Why a Brit tried to assassinate Queen Elizabeth

BBritish national Jaswant Singh Chail pleaded guilty on Friday to treason for his 2021 attempted murder of the late Queen Elizabeth II. Chail was captured on the grounds of Windsor Castle on Christmas Day armed with a crossbow. He told authorities he was there to kill the Queen and said it was revenge for the 1919 Jallianwala Bagh massacre in British India in a Snapchat video he posted just before entering the castle.

“I’m sorry, I’m sorry for what I’ve done and what I’m going to do. I will attempt to assassinate Elizabeth, queen of the royal family. Chail said.

The Hampshire, England resident will appear in court on March 31 as the first person in the UK to be convicted of treason in more than 40 years. He pleaded guilty to possessing a deadly weapon and threatening to murder the Queen. Chail is currently being treated in a high security psychiatric hospital.

What happened?

This court artist’s sketch by Elizabeth Cook shows Jaswant Singh Chail, 21, from Southampton, on the dock at the Old Bailey in London during a court hearing, Friday February 3, 2023.

Elizabeth Cook–PA/AP

One day of the break-in, Chail scaled the castle with a rope ladder and wandered the grounds for about two hours before a royal officer found him near the queen’s quarters. At around 8:10 a.m., the officer threw a taser at Chail and asked, “Hello, can I help, mate?” Chail replied, “I’m here to kill the queen.”

The officer ordered Chail to drop his weapon, which later turned out to be a loaded crossbow. The officer also demanded that Chail get on all fours, which the intruder complied with.

Chail carried a note that read, “Please don’t remove my clothes, shoes and gloves, masks, etc. I don’t want an autopsy, I don’t want embalming, thank you and I’m sorry.” Chail is said to have asked to join the Ministry of Defense police to be closer to the royal family, before this attempt.

Suspect angry over Jallianwala Bagh massacre

“This is revenge for those who died in the Jallianwala Bagh massacre in 1919,” Chail said on Snapchat. “It is also revenge for those who have been killed, humiliated and discriminated against because of their race.”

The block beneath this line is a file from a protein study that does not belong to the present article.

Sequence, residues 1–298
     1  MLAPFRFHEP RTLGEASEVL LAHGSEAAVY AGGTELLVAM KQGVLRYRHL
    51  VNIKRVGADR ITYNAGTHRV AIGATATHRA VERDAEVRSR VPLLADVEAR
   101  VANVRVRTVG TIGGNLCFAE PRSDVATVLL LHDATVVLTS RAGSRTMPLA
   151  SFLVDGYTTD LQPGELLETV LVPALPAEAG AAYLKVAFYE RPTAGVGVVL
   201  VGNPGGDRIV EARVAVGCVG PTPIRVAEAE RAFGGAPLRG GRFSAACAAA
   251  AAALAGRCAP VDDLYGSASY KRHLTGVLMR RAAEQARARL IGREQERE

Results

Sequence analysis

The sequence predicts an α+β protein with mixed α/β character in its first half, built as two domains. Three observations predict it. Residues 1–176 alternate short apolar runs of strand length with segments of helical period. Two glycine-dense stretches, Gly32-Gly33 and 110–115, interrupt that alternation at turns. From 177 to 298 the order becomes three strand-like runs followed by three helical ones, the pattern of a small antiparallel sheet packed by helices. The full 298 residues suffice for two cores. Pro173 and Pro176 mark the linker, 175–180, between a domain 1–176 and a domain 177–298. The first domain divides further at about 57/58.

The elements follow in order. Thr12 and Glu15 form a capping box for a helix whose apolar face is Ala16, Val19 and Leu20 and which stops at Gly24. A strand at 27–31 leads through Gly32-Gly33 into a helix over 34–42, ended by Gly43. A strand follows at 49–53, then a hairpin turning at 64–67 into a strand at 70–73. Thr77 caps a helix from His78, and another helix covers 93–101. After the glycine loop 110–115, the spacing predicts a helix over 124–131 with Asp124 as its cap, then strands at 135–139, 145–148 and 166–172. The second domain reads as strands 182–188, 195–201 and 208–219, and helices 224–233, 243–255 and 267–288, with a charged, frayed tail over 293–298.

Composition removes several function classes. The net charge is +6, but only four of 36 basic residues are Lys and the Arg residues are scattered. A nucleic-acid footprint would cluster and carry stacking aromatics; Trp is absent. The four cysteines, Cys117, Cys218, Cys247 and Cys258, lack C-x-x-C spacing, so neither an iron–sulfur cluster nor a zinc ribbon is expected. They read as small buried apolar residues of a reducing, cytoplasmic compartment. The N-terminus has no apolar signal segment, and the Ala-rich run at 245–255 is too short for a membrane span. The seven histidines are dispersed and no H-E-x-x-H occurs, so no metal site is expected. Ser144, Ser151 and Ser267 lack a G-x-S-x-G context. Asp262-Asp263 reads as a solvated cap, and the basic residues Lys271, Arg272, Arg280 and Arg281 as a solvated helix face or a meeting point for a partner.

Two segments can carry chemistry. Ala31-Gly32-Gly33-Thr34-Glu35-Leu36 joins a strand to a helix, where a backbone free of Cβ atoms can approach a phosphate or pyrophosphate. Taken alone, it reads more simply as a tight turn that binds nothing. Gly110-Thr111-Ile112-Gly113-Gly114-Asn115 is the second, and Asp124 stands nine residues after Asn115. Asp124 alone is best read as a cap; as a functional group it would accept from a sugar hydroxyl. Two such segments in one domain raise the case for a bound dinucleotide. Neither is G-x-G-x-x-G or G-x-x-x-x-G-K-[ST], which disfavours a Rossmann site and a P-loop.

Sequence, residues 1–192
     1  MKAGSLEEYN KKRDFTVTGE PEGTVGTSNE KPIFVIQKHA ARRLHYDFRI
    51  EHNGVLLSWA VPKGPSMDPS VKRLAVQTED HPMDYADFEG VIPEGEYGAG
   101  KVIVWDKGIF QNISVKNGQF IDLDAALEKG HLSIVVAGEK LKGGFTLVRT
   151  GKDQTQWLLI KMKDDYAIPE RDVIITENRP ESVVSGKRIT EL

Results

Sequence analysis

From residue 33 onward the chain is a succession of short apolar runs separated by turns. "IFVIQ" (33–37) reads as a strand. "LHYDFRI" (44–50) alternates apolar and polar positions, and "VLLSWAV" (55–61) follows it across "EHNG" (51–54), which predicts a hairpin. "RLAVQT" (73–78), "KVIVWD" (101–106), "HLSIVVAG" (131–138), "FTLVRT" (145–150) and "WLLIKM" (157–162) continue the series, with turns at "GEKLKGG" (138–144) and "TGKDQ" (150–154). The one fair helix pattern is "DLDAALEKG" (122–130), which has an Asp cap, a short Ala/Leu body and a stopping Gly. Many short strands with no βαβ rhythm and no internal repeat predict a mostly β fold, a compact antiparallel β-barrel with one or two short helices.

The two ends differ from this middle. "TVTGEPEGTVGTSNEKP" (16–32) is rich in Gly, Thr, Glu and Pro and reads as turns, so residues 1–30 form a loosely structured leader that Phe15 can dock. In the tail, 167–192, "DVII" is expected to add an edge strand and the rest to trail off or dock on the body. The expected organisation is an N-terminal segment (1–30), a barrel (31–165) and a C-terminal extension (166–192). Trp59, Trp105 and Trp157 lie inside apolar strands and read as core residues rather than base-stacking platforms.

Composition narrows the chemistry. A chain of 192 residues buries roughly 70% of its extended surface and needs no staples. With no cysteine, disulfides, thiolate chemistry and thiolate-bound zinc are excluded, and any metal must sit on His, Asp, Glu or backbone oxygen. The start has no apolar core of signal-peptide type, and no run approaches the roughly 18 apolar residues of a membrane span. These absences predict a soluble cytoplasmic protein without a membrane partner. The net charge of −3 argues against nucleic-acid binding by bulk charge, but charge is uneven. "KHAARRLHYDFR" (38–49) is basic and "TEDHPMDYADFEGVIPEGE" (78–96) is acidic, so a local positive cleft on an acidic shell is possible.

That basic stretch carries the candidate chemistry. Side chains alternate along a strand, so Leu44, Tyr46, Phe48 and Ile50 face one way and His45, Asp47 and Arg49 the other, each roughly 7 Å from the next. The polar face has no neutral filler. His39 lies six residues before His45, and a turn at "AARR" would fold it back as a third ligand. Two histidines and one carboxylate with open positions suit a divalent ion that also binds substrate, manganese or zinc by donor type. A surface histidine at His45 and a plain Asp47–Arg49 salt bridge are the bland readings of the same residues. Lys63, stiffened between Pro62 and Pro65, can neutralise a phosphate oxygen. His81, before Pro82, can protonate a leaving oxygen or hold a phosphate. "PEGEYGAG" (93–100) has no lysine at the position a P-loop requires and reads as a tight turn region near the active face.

The Jallianwala Bagh massacre took place on April 13, 1919, when British troops opened fire on 10,000 unarmed protesters in the Indian city of Amritsar, killing an estimated 379 people and injuring 1,200. At the time, civil unrest and discontent were growing across India, particularly in Punjab, as British authorities refused to reverse repressive wartime policies that limited India’s political autonomy.

In Amritsar, news spread on April 10, 1919, that several prominent Indian leaders had been arrested, sparking violent protests which were met with armed soldiers. British authorities have banned public gatherings, such as the group of thousands gathered in the garden of Jallianwala Bagh on the afternoon of April 13, some to protest and others to celebrate the Sikh Spring Festival of Baisakhi.

The garden was surrounded by high walls and had only one exit, locking people in as troops reportedly fired hundreds of rounds. The massacre went on to define modern Indian history, sparking greater support for Indian nationalism and independence from Britain.

Few convictions for treason

Under Britain’s Treason Act 1842, it is illegal to commit or attempt assault, to threaten the Queen with a weapon, and to endanger the peace. Chail faces up to seven years in prison under the law. The last time anyone was convicted of treason was in 1981, when Marcus Sarjeant was jailed for five years for shooting the Queen blank during a parade in London.

The old Treason Act of 1351 was more extreme in that all assaults against a monarch were punishable by death. The last time anyone was convicted under the more serious Act 1351 was in 1946, when William Joyce was hanged for spreading Nazi propaganda.

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